While they share a lot of history, culture, and even airports, Dallas and Fort Worth may at first seem to be a single entity, the DFW Metroplex. However, the locals know that Dallas, known as Big D, and Fort Worth’s Cowtown could not be more different, though they both have their merits. Fort Worth’s focus on music, the arts, and business are what set it apart.
The Treaty of Bird's Fort between the Republic of Texas and several Native American tribes was signed in 1843 at Bird's Fort in present-day Arlington, Texas. Article XI of the treaty provided that no one may "pass the line of trading houses" (at the border of the Indians' territory) without permission of the President of Texas, and may not reside or remain in the Indians' territory. These "trading houses" were later established at the junction of the Clear Fork and West Fork of the Trinity River in present-day Fort Worth. At this river junction, the US War Department established Fort Worth in 1849 as the northernmost of a system of 10 forts for protecting the American Frontier following the end of the Mexican–American War. The city of Fort Worth continues to be known as "where the West begins." As a stop on the legendary Chisholm Trail, Fort Worth was stimulated by the business of the cattle drives and became a brawling, bustling town. Millions of head of cattle were driven north to market along this trail. Fort Worth became the center of the cattle drives, and later, the ranching industry. It was given the nickname of Cowtown.
It is the 15th-largest city in the United States and the fifth-largest city in Texas. It is the county seat of Tarrant County, covering nearly 350 square miles (910 km2) into four other counties: Denton, Johnson, Parker, and Wise. According to the 2017 census estimates, Fort Worth's population is 874,168. Fort Worth is the second-largest city in the Dallas–Fort Worth–Arlington metropolitan area, which is the 4th most populous metropolitan area in the United States. Fort Worth is home to the Van Cliburn International Piano Competition and several world-class museums designed by internationally known contemporary architects. The Kimbell Art Museum, considered to have one of the best art collections in Texas, is housed in what is widely regarded as one of the outstanding architectural achievements of the modern era. The museum was designed by the American architect Louis Kahn, with an addition designed by world-renowned Italian architect Renzo Piano opening November 2013. Also of note is the Modern Art Museum of Fort Worth, designed by Tadao Ando. The Amon Carter Museum of American Art, designed by Philip Johnson, houses one of the world's most extensive collections of American art. The Sid Richardson Museum, redesigned by David M. Schwarz, has one of the most focused collections of Western art in the US, emphasizing Frederic Remington and Charles Russell. The Fort Worth Museum of Science and History, designed by famed architect Ricardo Legorreta of Mexico, engages the diverse Fort Worth community through creative, vibrant programs and exhibits.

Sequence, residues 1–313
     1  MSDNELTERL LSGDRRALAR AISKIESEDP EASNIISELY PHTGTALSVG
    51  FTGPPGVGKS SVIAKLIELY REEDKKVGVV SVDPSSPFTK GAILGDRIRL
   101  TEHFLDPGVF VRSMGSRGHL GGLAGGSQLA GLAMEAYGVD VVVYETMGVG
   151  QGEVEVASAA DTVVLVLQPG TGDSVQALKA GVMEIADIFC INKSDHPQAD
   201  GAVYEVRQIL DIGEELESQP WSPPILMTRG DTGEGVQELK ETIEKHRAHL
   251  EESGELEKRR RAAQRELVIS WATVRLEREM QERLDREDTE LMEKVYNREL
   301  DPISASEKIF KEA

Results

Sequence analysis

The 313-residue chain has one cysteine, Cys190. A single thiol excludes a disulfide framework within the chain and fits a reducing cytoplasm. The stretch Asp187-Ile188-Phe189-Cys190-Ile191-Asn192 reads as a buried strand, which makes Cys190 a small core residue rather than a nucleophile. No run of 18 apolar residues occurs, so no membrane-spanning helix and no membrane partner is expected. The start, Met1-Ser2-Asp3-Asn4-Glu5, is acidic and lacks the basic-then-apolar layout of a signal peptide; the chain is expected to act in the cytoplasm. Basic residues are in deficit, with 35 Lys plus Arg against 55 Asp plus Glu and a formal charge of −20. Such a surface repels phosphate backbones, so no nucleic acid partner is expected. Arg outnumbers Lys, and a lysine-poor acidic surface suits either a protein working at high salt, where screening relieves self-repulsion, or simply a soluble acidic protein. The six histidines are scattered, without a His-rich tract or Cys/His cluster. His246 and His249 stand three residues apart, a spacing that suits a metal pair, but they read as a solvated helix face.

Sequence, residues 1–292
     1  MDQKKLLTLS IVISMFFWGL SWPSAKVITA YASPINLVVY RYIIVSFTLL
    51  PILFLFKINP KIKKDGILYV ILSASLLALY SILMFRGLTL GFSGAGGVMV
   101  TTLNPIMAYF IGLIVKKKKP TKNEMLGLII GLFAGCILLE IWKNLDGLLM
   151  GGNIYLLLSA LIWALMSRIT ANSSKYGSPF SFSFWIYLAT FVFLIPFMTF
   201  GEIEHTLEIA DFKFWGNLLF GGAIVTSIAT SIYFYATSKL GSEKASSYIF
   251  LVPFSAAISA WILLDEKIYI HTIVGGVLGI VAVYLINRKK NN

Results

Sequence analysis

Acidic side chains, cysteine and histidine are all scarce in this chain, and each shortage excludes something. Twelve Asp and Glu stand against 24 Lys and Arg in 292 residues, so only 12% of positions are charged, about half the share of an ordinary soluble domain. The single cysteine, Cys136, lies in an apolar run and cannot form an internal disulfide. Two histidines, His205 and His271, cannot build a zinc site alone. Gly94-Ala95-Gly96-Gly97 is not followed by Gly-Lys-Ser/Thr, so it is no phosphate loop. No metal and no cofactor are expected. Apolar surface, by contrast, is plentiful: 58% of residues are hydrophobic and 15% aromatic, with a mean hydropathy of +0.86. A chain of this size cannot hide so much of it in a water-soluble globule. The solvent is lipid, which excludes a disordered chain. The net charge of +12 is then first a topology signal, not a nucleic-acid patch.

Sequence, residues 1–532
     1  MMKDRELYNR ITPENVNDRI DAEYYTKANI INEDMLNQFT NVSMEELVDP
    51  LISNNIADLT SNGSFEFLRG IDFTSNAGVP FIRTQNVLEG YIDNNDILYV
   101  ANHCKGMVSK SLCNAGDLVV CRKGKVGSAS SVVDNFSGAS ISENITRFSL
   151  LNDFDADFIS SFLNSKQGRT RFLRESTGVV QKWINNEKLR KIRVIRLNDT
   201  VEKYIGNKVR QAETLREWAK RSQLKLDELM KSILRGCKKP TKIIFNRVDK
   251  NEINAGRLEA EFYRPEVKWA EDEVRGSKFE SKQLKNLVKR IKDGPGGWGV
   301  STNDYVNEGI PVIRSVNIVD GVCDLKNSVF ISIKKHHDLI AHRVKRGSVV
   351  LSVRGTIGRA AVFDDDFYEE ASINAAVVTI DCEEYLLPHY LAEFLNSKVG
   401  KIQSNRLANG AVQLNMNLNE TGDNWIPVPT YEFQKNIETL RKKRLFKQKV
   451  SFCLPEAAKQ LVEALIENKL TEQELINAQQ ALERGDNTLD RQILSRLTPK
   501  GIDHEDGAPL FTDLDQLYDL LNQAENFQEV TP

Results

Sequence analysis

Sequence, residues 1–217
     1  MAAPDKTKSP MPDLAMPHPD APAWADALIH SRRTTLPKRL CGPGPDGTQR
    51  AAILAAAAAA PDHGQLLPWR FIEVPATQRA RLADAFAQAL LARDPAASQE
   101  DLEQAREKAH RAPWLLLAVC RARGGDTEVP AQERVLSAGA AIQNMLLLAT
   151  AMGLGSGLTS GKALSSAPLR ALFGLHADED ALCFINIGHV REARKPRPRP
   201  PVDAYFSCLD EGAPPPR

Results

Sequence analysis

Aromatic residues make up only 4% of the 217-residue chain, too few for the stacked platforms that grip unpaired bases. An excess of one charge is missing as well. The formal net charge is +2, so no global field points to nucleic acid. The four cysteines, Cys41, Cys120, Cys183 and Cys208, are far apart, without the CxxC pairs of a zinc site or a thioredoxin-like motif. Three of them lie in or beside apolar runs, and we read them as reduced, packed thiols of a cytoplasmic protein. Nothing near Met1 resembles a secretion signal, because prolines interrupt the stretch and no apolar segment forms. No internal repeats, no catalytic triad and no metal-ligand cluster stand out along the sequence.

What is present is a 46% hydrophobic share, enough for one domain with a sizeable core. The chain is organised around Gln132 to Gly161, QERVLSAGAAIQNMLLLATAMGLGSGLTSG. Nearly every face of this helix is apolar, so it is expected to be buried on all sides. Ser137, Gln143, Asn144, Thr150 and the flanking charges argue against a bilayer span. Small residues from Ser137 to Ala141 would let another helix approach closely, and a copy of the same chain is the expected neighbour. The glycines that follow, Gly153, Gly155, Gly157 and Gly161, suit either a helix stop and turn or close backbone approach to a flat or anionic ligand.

The city is home to several university communities: Texas Christian University, Texas Wesleyan, University of North Texas Health Science Center, and Texas A&M University School of Law, and many multinational corporations, including Bell Helicopter, Lockheed Martin, American Airlines, BNSF Railway, Pier 1 Imports, XTO Energy and RadioShack.
Fort Worth Independent School District is a school district based in Fort Worth, Texas, United States. Based on a 2017-18 enrollment of 86,234 students, it is the fifth largest school district in Texas. Fort Worth ISD serves most of the city of Fort Worth, and the cities of Benbrook, Westover Hills, and Westworth Village. The district also covers portions of Forest Hill, Haltom City, Kennedale and unincorporated portions of Tarrant County.